There are multiple types of amplifiers like class A, class B, and class AB. Classes A and B have their own benefits and drawbacks, while class AB amplifiers combine elements of each to maximize the benefits and minimize the disadvantages of each. For years, the vast majority of consumer electronics like A/V receivers and home theater systems have used class AB amplifiers.

Why are we spending so much time talking about other amplifiers if this article is about class-D amplifiers? Because they work very differently.

How Class D Amplifiers Work

A class-D amplifier is also known as a switching amplifier. Instead of boosting the input signal via linear gain stages, a class-D amplifier uses a concept known as pulse width modulation.

This is a complicated subject, but this converts the input signal into pulses. The output stage then switches back and forth at a high frequency, corresponding to the pulses that the signal was converted into. This amplified signal is then processed and run through a low-pass filter to return it to the original waveform and remove high-frequency noise.

This conversion to and from another type of signal is somewhat similar to how digital-to-analog and back conversion works, but this is far less complex. That said, the process (likely combined with the “D” in class-d) leads to people sometimes mistakenly referring to class-D amplifiers as “digital” amplifiers.

What Makes Class D Amplifiers Special?

Because the pulse width modulation lets amplification happen at much higher frequencies than normal, class-D amplifiers require much smaller power transformers than class AB amplifiers. That means you can pack much more amplification into a smaller space.

These amplifiers are highly efficient, producing more volume using less power. Class-D amplifiers frequently have maximum possible efficiency values of 90 percent or more, while class AB amplifiers rarely go higher than 60 percent efficiency.

Of course, class-D amplifiers aren’t perfect. Because of the low-pass filter, which is meant to filter out unpleasant noise, the high end can suffer, so these aren’t great for audiophile use. Some class-D amplifiers can also exhibit distortion, and some people, audiophiles in particular, just aren’t fans of the sound of these amplifiers in general.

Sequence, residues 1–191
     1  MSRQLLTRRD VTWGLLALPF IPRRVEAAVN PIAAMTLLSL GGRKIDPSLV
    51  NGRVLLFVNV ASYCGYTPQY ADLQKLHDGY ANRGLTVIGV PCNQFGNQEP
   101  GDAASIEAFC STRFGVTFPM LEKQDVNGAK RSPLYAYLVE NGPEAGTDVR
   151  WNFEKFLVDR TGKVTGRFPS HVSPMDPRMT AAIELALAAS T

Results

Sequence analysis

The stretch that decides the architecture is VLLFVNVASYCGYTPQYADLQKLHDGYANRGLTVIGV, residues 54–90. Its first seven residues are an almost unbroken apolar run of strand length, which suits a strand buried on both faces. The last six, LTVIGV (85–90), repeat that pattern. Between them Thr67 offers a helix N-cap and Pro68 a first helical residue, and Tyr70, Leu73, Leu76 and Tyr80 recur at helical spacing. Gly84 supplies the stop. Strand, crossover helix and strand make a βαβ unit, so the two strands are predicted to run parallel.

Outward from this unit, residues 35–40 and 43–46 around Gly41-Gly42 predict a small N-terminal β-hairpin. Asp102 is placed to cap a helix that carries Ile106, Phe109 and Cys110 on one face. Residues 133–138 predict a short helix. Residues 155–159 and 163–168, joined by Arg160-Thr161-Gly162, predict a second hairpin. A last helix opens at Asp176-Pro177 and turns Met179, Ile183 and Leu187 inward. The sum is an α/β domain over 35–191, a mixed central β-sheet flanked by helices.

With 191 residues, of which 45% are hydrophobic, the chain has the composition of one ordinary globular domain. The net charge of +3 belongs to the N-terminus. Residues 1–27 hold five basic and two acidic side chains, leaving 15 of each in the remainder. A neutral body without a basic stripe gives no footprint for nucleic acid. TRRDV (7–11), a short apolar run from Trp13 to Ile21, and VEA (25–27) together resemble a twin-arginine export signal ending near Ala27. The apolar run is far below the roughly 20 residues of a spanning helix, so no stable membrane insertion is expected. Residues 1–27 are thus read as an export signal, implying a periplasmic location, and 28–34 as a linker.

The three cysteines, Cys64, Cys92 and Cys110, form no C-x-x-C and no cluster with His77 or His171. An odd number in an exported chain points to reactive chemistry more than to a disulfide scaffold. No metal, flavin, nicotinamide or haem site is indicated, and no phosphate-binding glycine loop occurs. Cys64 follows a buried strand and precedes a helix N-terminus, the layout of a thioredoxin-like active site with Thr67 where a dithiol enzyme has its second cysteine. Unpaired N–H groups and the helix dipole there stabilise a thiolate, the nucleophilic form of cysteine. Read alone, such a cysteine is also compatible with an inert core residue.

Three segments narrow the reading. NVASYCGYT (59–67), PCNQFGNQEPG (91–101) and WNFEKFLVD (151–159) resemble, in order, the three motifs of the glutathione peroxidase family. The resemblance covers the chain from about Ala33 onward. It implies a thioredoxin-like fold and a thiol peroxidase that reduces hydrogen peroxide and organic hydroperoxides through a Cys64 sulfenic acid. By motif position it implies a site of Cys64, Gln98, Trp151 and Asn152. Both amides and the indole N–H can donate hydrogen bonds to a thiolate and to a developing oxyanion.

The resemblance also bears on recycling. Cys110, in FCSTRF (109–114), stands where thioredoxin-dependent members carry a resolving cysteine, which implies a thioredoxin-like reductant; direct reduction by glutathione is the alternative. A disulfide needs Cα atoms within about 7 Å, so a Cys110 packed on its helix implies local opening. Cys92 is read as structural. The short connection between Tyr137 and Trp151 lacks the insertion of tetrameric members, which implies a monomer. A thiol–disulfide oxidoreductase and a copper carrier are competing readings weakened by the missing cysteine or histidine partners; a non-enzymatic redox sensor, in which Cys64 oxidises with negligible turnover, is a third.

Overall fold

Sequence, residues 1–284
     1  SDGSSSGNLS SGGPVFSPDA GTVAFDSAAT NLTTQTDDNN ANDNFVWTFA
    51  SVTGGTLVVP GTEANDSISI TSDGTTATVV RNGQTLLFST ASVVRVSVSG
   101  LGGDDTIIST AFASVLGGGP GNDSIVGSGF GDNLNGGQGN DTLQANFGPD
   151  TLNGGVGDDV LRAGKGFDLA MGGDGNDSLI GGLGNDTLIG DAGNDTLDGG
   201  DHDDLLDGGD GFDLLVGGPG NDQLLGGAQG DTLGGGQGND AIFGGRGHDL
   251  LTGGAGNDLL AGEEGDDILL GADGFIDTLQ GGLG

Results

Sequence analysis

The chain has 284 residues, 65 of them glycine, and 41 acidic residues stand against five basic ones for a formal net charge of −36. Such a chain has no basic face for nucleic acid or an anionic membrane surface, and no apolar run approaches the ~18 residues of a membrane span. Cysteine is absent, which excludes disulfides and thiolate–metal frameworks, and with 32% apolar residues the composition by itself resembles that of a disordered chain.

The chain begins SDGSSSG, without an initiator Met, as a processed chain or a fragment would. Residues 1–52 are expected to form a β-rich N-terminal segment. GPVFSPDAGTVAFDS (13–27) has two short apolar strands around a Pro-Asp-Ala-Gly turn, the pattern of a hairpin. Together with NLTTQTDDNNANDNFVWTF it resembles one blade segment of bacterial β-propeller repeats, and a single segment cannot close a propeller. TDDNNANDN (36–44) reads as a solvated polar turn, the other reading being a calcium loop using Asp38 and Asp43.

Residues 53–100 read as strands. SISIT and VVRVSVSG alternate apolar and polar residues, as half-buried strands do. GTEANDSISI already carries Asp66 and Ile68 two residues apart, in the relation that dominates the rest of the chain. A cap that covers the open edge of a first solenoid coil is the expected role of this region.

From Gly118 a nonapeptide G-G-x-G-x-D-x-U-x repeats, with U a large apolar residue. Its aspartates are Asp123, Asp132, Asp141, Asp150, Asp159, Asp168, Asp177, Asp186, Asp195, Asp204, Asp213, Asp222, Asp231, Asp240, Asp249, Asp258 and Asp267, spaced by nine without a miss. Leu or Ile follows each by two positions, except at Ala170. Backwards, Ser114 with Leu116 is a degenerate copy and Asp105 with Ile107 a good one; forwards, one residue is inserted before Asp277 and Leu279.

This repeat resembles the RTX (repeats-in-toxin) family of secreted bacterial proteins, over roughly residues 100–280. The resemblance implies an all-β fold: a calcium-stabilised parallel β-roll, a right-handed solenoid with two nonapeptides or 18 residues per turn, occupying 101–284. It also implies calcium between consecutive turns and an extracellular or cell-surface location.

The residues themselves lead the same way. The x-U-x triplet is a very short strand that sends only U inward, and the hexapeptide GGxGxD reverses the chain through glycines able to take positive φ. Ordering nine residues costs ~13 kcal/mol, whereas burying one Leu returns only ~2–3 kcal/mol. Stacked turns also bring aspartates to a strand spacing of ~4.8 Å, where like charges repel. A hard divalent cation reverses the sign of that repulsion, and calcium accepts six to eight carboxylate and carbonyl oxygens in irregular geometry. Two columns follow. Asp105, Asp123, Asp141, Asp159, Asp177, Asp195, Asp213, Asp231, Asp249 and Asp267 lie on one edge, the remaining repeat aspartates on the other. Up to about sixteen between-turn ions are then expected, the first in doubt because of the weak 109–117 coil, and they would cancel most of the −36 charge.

Even with the downsides, that combination of high efficiency and small size makes class-D amplifiers perfect for certain applications.

Common Uses of Class D Amplifiers

As you might imagine, class-D amplifiers are a great option for any audio project where size and power efficiency—think battery life—are important. Because of this, you’ll often see class-D amplifiers employed inside Bluetooth speakers.

Bluetooth headphones are also a good candidate for class-D amplifiers, though because the volume requirements are fairly low, other types of amplifiers work for this particular case as well. You’ll also find class D amplifiers in many other products, including portable headphone amplifiers and even stereo amplifiers.

Kris Wouk

One major area where class-D amplifiers are frequently used is subwoofers. Looking at the pros and cons of class-D amplifiers, it almost seems as if they were created for subwoofers. This is because the audio issues essentially disappear when the amp is only used for bass frequencies, and the small size and efficiency let you pack massive power into a subwoofer.

Source: How-To Geek  


Tuba Skinny New Orleans

Niko Mylonas

Feb 17, 2022
Strassen Musik New Orleans
Ein Niko Mylonas Film

Source: YouTube